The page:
If someone constantly refuses to take responsibility, either as an individual or as a part of a team, this may be a warning sign of a problem board member. It takes some humility and maturity to take responsibility for one’s actions, especially for an error. Believe it or not, boards do not have to be hindered from making decisions just because some members are not able or willing to admit when mistakes are made. Sometimes the best way to manage these board members is to shift the focus away from the question of “who’s to blame?” to instead target what solutions, if any, are in the best interest of the HOA moving forward.
This is the type of person who has a difficult time adjusting to change. They will do whatever they can to stifle new technologies or ideas; constantly pushing to keep things the way that they have always been. Their regular refrain: “It has always worked before!”
As improbable as it may seem, these types of board members are often more than willing to adapt to changes once they have become more familiarized with new processes. To mitigate the effect this type of member can have on your board, your HOA should consider facilitating or participating in workshops where other members (and/or experts) help train these members to the point where they feel more comfortable with whatever change(s) you’re attempting to implement.
The Conversation Hog
If you have a board member who consistently talks more than they listen, frequently interrupts others, constantly discounts the suggestions of others, and/or who dominate board meetings, you may be dealing with a conversation hog. Board decisions should be made by a constructive consensus of ideas, and the behavior exhibited by this type of board member can often get in the way of that process.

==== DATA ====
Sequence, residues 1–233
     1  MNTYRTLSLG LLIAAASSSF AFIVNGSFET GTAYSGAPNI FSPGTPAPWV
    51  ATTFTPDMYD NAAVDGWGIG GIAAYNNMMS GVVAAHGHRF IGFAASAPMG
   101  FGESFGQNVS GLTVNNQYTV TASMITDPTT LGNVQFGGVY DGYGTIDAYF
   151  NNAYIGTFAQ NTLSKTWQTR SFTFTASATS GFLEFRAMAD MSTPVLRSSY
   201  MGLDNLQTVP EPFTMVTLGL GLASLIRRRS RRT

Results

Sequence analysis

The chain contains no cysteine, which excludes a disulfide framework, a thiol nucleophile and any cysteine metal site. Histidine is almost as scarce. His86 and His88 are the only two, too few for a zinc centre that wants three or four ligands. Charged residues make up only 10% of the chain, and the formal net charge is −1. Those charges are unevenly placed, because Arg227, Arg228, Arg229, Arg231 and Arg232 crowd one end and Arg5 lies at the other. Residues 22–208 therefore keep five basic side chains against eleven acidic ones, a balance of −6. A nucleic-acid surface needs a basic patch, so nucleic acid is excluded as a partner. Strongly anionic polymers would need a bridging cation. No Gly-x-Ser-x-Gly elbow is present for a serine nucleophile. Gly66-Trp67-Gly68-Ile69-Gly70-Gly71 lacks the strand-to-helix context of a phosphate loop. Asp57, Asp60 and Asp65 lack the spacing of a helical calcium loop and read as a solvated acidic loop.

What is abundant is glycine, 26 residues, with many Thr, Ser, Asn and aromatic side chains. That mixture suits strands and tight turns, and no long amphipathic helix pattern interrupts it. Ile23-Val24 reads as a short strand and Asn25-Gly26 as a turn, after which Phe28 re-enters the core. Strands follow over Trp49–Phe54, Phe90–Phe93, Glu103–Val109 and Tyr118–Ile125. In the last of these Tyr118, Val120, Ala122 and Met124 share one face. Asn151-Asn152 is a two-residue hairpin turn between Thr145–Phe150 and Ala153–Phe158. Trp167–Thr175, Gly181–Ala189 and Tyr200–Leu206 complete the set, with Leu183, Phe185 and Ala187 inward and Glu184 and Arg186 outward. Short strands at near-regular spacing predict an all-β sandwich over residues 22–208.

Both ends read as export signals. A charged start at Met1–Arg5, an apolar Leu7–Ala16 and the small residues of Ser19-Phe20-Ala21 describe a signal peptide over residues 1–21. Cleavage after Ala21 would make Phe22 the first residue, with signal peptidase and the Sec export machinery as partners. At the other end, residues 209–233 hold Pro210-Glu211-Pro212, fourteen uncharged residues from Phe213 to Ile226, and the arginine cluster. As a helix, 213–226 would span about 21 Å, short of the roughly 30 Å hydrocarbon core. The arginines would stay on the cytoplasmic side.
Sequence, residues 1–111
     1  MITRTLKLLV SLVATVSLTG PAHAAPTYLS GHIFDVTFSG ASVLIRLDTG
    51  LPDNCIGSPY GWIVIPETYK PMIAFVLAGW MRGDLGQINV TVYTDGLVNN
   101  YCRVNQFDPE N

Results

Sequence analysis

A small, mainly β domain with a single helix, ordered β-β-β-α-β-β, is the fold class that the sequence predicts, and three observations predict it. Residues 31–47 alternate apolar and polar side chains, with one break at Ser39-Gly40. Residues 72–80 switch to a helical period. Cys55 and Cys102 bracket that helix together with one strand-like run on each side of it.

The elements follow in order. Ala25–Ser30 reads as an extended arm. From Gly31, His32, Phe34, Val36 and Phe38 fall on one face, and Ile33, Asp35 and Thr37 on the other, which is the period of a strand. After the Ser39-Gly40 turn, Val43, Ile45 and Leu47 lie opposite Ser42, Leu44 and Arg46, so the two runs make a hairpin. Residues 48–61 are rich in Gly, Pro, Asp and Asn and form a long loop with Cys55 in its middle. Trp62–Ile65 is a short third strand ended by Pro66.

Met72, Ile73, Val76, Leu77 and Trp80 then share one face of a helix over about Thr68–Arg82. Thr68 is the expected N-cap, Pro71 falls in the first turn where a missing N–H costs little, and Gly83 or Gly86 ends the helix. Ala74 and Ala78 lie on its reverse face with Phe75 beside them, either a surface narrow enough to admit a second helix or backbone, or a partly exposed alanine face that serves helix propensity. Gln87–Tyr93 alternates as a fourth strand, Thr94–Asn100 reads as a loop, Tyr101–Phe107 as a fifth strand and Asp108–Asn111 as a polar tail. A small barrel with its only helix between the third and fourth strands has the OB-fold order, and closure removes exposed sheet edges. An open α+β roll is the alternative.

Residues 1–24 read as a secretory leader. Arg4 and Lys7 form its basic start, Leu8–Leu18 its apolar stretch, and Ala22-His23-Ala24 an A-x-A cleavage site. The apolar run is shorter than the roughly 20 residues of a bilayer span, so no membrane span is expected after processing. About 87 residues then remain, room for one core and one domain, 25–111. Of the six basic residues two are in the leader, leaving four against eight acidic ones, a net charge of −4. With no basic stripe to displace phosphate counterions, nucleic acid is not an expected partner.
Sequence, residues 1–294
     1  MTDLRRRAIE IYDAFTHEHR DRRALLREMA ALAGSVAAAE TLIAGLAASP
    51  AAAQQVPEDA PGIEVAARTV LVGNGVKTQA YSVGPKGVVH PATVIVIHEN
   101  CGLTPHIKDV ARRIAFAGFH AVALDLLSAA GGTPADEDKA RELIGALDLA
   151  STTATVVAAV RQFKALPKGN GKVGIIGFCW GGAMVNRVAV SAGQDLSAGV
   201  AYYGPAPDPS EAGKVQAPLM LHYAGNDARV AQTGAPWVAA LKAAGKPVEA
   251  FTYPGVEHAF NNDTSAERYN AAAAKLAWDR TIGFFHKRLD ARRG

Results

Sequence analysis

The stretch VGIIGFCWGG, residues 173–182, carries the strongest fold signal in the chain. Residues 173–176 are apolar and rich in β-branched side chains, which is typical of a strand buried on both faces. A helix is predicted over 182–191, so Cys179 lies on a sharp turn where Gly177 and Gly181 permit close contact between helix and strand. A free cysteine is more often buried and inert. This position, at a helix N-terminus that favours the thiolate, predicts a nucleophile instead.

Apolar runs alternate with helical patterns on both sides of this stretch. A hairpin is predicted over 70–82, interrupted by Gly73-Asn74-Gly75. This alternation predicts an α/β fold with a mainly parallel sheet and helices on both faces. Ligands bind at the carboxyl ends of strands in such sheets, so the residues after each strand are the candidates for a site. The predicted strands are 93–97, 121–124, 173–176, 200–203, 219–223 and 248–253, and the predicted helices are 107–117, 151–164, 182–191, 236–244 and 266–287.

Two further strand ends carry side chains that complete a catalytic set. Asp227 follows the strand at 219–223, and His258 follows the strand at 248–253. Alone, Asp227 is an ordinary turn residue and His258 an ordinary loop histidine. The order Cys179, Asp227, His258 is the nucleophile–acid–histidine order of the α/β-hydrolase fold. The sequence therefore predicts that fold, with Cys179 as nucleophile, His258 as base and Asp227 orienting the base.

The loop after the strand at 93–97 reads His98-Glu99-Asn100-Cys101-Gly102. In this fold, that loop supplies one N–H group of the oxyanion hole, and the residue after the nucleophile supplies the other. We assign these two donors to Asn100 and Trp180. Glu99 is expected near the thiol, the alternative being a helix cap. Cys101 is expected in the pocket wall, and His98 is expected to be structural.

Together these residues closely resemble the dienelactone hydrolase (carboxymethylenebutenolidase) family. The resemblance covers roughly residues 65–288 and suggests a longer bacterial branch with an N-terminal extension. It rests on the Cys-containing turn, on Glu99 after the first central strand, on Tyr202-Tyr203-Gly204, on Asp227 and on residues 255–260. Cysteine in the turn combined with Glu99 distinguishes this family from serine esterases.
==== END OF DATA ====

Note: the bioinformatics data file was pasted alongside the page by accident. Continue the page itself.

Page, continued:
These board members generally behave this way out of a desire for attention. So, the best way to make them stop behaving this way is to give them the attention that they desire. Listen to what they have to say. Acknowledge it. Restate it. Then, follow their comment(s) by relating them to a personal experience or similar point that you have. If this doesn’t satiate the hog’s need for attention (i.e. you do not think that they are likely to stop), you can try subtly interrupting them by saying something that validates them, then pivoting to another topic. If this fails, you could also try asking them if you could pick up on that specific point later.
Dealing with Problem HOA Board Members Before They Sabotage the Board
Managing difficult board members and the issues they may cause often requires patience and firm hand. Generally speaking, one of the best ways to circumvent the problems associated with difficult board members is to work closely with your association management company to establish a strict agenda – and to let everyone in attendance know that the agenda will be followed carefully, as to reduce the likelihood of any one person taking over the conversation or the meeting.
Remember to give all board members (even the difficult ones) a chance to change their ways by having a personal conversation about the problem behavior and/or by modeling the positive behavior you want them to emulate. As life goes, it may not always be possible to control how others behave, but you can help create more efficacious HOA board just by being the best “team” board member that you can be.